DenverInfill Blog gets a facelift
DenverInfill Blog, authored by local urban planner Ken Schroeppel, is a true Denver success story. The nearly six-year-old operation isn't the flashiest blog around, but it does one thing incredibly well, and that's cover Denver development.
Ken Schroeppel, urban hero.
All of us old-fashioned journos trying to cover planning and development long ago ceded defeat to Schroeppel, who's constantly breaking development news, eloquently explaining convoluted planning issues and, when necessary, battling against development no-nos, such as all those forlorn downtown parking lots. Best of all, he manages to take one of the driest topics around and somehow, through vivid images and eloquent reporting, make it understandable, compelling and relevant. Somehow he manages to do all this while holding down a full-time job.
Looking for the future of news media? You'll find it at DenverInfill. And now that future's gotten a bit brighter, since this week Schroeppel's unveiled version 2.0 of his blog.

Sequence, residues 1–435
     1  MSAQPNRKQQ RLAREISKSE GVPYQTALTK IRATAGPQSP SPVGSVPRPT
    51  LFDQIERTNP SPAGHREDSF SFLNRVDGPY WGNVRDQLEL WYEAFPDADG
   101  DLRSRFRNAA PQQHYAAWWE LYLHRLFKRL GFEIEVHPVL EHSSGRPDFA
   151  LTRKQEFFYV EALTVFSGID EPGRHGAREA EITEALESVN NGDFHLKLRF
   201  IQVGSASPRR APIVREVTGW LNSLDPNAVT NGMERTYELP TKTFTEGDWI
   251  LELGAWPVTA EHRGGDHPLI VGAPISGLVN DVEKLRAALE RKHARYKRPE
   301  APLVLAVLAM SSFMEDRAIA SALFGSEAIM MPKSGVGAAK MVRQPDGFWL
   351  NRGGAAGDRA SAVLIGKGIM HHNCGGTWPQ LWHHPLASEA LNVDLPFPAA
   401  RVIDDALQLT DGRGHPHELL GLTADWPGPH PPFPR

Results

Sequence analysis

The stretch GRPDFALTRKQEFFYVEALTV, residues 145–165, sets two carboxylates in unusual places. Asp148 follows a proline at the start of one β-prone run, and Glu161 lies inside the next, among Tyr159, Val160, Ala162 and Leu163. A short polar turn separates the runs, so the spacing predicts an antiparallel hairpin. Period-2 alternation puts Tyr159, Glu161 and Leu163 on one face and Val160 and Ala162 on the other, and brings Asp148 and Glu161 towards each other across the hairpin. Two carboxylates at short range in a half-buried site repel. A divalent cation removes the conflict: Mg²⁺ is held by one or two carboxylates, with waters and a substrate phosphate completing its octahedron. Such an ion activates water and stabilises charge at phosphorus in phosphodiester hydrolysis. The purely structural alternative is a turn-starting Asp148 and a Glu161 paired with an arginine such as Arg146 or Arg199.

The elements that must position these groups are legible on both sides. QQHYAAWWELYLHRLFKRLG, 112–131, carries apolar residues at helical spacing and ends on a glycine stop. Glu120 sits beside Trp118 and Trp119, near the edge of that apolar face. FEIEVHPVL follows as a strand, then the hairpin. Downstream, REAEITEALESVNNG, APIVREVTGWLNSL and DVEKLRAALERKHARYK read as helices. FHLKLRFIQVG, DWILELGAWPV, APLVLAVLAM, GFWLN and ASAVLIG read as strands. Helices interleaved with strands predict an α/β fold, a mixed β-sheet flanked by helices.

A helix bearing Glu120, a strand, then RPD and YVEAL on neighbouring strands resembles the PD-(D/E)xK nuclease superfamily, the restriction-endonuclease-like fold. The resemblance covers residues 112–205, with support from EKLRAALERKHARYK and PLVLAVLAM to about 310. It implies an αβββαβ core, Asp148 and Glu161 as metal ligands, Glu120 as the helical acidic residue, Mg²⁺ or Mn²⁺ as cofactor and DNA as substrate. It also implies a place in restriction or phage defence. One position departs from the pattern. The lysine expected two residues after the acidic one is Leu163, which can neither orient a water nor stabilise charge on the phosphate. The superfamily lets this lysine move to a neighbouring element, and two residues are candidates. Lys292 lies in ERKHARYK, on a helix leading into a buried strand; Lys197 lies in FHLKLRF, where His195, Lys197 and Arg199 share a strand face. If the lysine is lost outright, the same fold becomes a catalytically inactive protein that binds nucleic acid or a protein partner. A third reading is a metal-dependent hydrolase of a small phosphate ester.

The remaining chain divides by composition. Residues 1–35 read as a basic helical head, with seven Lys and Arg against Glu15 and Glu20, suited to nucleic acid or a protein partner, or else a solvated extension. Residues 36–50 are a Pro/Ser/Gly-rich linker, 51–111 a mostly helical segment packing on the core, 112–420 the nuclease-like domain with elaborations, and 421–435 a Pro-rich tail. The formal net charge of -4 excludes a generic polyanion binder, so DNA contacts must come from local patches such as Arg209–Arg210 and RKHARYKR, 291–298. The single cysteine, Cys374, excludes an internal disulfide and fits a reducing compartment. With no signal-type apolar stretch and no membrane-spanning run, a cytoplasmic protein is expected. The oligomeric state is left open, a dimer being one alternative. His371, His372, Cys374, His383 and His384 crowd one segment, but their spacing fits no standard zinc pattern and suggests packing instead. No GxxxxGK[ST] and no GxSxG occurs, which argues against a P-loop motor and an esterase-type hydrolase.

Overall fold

There are still no superfluous bells and whistles - the only images are the beautiful concept drawings he manages to scrounge up from developers all over the city - but it's more modern and user-friendly, with all posts categorized on the right-hand sidebar.
More importantly, the blog itself has a new mission. Instead of just covering downtown infill development, the site will take aim on everything having to do with urbanism all around the metro area, be it transit, public spaces, architecture, sustainability or urban policies. That's a big task, so to help cover it all Schroeppel will be enlisting some savvy colleagues from urban-development circles to chip in and contribute.
"Eventually," writes Schroeppel in his first post on the new site, "the DenverInfill blog will transform into Denver's online magazine for urban planning, design, and development issues, or something to that effect."
All of us newsprint dinosaurs should be very, very afraid. With Schroeppel in full swing, we could eventually become as obsolete as those cruddy old surface lots Schroeppel's helping to eradicate one by one.